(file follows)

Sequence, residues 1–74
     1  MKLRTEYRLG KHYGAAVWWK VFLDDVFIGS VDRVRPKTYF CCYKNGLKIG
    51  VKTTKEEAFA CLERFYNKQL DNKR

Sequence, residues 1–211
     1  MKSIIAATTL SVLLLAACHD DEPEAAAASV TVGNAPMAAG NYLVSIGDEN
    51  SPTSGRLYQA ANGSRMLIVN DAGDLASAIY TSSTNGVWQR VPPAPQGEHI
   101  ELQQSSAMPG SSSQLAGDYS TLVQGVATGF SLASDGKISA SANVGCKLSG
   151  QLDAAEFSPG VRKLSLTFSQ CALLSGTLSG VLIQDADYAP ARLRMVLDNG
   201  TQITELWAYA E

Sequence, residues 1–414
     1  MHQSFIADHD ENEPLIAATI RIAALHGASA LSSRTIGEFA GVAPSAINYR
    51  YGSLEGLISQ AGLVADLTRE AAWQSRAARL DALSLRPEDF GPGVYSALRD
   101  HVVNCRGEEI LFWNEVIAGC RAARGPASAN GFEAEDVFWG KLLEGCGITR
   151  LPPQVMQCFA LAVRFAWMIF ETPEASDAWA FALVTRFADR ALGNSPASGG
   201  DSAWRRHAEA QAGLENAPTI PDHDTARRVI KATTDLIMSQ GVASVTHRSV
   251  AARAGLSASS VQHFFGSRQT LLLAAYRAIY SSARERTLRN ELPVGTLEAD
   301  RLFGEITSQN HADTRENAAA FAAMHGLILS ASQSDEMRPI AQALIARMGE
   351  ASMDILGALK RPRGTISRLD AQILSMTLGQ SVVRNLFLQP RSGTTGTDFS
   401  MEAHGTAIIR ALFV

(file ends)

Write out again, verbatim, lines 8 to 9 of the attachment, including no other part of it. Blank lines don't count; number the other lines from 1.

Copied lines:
   151  QLDAAEFSPG VRKLSLTFSQ CALLSGTLSG VLIQDADYAP ARLRMVLDNG
   201  TQITELWAYA E